In the summer holidays of 1998, my sister and I set ourselves a challenge: to finally beat Riven. A five-disc sequel to the puzzle classic Myst, the game was beautiful, mysterious, and brutally hard. We had watched a good chunk of the game over Dad’s shoulder but never gotten past the first disc ourselves, the obtuse puzzling a great challenge to pre-teen minds. Our playthrough took countless hours, with many sketches of symbols and backtracking to check valves, but each breakthrough on solving a puzzle was incredibly satisfying, to the point that I was a little sad when the credits finally rolled. Playing Lapso: NIMBO reminded me a lot of Riven, as the game also utilizes a breathtakingly gorgeous world full of strange symbols and unnerving sounds. A free prologue to a longer piece, Lapso: NIMBO is a great introduction to ‘90s-style puzzling with slick modern technology.
The Rockrose mountain range has always been steeped in mystery. Hikers had reported sightings of strange, humanoid creatures with glowing auras around their heads, dubbed nimbos, hanging out around the peak. While the photo evidence is less than convincing, the sightings nonetheless prompted many to visit the mountains for themselves, leaving offerings and trinkets along the hiking trail. The player’s character is searching for one hiker in particular, Kali Müller, who has gone missing.
Last seen on the path to the lighthouse, where she would often sit and sketch the strange markings adorning the rocky walls, Kali never returned from her last visit. Heading up the mountain trails, the protagonist quickly realizes that something is amiss in this popular, dangerous hike. Snowy paths lead to areas that should not be connected, and odd, clicking light creatures watch their every move. Solving the mystery of Kali’s disappearance suddenly got a whole lot creepier.
Lapso: NIMBO is quite traditional for an environmental puzzle game, requiring the player to pay close attention to their surroundings. Any corner might hide a block that can be inserted into a door, or a sketch of a circular symbol that is relevant for a code later on. Powering up an ancient machine is achieved via rotating tile puzzles, opening up new pathways within the cave system. The puzzle difficulty is about right for the introduction to such a game: The player needs to be observant — and sketching the symbols just like the lost hiker is extremely helpful — but the puzzles themselves are logical and fit the setting. Furthermore, the gameplay fits to extend the feeling of an ominous atmosphere, the symbols and contraptions used depicting a civilization quite unlike anything that exists in the real world.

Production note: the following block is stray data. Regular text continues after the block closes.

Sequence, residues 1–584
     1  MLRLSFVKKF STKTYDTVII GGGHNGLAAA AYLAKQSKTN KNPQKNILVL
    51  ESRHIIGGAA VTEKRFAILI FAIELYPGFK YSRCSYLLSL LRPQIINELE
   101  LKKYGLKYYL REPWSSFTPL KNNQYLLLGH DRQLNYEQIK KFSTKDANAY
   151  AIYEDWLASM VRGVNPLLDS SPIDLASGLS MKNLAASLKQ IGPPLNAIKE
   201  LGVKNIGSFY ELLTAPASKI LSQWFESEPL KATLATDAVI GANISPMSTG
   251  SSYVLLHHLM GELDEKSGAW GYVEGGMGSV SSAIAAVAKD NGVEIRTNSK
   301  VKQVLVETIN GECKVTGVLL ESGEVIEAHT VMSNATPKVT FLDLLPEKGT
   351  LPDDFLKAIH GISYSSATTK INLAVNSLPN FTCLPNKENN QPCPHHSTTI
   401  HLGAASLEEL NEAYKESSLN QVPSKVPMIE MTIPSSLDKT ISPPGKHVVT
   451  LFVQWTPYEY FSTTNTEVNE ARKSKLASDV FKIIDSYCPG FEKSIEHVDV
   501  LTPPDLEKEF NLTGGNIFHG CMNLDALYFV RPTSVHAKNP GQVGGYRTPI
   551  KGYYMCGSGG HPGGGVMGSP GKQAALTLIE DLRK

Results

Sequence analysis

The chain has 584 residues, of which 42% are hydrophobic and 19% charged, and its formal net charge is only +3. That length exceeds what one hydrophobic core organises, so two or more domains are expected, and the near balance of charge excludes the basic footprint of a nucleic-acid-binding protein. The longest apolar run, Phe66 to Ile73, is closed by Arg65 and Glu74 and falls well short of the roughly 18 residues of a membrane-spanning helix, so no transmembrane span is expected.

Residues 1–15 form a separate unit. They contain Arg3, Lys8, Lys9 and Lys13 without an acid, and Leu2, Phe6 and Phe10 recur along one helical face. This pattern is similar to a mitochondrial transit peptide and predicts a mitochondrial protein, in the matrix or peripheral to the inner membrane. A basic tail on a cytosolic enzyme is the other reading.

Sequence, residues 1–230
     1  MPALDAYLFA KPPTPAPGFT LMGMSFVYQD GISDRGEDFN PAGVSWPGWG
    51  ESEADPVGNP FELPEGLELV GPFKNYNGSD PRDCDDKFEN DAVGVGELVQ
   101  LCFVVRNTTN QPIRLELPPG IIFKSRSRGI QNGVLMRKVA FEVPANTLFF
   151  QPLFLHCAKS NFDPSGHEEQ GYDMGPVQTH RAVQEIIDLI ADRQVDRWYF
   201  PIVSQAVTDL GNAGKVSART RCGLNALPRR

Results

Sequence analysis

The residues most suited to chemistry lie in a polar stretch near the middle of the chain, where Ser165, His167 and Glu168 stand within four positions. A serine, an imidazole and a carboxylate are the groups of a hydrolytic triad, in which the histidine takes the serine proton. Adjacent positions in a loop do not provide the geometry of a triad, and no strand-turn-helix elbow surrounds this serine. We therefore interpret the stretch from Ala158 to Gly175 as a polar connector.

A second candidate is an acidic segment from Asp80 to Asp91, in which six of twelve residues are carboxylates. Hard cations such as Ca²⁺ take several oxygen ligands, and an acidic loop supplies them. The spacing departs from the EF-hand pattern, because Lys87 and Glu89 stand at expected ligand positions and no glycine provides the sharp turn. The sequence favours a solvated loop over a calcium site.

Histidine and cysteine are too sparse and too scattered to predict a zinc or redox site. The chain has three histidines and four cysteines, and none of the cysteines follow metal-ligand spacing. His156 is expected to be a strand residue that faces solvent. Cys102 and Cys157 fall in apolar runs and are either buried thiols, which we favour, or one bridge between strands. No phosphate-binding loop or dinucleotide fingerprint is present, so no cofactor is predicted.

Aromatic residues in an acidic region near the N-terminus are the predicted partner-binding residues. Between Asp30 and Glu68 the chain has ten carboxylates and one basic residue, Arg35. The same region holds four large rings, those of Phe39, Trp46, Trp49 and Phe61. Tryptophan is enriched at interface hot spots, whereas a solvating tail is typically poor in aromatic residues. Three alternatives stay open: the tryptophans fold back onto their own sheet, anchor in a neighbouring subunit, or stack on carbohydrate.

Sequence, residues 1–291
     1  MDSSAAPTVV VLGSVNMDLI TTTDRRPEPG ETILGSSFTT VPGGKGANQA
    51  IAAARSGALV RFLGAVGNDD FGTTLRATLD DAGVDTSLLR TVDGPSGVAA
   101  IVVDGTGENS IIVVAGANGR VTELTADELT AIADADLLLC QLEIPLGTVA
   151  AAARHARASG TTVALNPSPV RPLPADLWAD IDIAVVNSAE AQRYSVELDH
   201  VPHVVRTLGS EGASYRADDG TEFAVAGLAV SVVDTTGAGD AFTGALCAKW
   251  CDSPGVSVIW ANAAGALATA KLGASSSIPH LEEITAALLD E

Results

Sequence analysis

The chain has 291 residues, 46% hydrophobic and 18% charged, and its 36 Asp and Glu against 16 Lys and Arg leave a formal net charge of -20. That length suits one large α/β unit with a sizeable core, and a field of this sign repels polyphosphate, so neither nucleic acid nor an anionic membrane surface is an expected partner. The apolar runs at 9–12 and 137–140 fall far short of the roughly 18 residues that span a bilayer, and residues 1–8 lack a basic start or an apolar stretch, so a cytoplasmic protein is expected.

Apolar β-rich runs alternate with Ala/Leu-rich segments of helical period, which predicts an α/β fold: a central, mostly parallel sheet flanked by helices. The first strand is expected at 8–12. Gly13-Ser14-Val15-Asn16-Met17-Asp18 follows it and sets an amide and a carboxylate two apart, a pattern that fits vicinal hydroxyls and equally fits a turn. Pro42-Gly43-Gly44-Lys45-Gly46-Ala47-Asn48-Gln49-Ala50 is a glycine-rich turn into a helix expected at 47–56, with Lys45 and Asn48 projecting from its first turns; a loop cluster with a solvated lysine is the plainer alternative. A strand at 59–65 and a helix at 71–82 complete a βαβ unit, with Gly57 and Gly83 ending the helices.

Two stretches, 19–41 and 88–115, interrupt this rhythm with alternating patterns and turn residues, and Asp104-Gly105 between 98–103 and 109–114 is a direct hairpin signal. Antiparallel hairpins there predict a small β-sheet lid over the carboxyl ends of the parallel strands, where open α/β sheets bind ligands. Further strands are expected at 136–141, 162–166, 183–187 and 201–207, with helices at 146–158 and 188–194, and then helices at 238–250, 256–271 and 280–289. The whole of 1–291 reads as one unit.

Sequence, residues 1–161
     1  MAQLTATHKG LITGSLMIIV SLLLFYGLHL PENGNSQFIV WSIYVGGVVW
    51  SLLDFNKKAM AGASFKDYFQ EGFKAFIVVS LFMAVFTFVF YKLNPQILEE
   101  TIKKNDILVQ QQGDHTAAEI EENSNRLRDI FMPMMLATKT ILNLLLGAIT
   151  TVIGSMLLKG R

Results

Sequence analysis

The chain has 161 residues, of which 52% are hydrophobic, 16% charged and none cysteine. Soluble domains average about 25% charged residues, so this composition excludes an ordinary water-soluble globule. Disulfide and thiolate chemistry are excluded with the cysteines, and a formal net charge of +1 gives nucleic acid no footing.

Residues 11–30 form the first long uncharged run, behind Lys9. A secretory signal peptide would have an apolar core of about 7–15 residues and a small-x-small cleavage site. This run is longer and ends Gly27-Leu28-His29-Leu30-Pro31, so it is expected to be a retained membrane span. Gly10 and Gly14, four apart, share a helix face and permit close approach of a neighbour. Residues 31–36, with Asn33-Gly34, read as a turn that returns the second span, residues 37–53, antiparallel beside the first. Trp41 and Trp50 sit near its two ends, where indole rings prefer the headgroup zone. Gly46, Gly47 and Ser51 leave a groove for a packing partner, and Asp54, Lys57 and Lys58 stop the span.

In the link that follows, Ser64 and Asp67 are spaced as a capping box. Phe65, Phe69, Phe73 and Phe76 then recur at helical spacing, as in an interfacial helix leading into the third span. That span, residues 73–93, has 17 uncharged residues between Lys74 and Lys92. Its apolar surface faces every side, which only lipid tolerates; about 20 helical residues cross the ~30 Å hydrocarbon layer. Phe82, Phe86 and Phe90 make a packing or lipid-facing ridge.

The sense of dread accompanying what some would find a fairly peaceful walk is achieved via the astounding 3D audio system, which uses HRTF technology to create an immersive sound experience when wearing headphones. HRTF, or head-related transfer function, is a technology that can fool the ears into hearing stereo sound as a three-dimensional experience, making one able to pinpoint exactly where a footfall lands in relation to the player.
Lapso: NIMBO is my first encounter with the technology, and it is extremely impressive, drawing the player into the world on a whole new level. A main hub area has a large, pounding waterfall, and the tremendous roar of the water smashing into rock sounds exactly as it does in real life, an intensity you feel in your bones. Turning away from the waterfall and heading into a cave, the noise shifts around to the back of your head and slowly fades off, replaced by footsteps crunching and the rumble of shifting rocks. In the near darkness, hearing ominous clicking slowly following me from one side of my head to the other creates an intense sense of dread, tapping into a self-preservation instinct that would often sit idle in puzzle games. I usually do not bother with headphones since I have a nice speaker setup, but here the experience is greatly improved with a good headset.
Aside from impressive audio, Lapso: NIMBO is really pretty too. Most of the experience is spent looking at rocky walls of some kind or another, but each is rendered with high-level realistic detail. The different areas of the game stand out well, the thundering waterfall serving as a helpful navigation point and different levels of light and snow separating the tunnels. The mysterious relics found deep within the caves are believable as useful objects — but also undeniably strange, and the smears of golden fingerprints along the trail heighten the feeling of being watched.
While everything in-game was great, I did have a couple of interface issues: The controller support did not work, stuck with that common never-ending spin bug, and the writing was really small, only just legible. A text scaling option would be appreciated in the full release.
Lapso: NIMBO takes roughly an hour to complete, depending on how quickly one deciphers the puzzles. I really enjoyed my time with the game, finding it just the right length given the intense atmosphere present. The full game, Lapso, does not have a release date at this stage, but I am excited to see how the rest of the game turns out.
Next week we will be playing Boodunnit?!, a murder-mystery game where the protagonist’s ghost tries to solve her own murder. The game can be downloaded on itch.io. If you would like to share your thoughts, discussions will be happening on the Discord server.